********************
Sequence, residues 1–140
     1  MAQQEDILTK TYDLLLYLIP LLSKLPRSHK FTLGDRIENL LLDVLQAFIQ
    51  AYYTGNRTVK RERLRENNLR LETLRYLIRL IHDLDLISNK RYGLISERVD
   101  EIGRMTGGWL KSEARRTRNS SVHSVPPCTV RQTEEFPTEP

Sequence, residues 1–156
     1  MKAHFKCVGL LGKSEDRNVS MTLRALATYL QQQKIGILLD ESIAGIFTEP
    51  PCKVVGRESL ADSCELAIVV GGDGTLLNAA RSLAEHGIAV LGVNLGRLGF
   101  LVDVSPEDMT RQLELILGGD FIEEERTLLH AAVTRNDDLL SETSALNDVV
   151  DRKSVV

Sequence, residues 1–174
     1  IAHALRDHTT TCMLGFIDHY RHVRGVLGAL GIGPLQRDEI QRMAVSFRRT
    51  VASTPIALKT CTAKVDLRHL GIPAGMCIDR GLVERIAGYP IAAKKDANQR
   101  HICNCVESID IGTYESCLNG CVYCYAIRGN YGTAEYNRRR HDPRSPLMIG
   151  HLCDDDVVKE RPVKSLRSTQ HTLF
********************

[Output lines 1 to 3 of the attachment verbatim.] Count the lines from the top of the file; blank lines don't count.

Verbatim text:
Sequence, residues 1–140
     1  MAQQEDILTK TYDLLLYLIP LLSKLPRSHK FTLGDRIENL LLDVLQAFIQ
    51  AYYTGNRTVK RERLRENNLR LETLRYLIRL IHDLDLISNK RYGLISERVD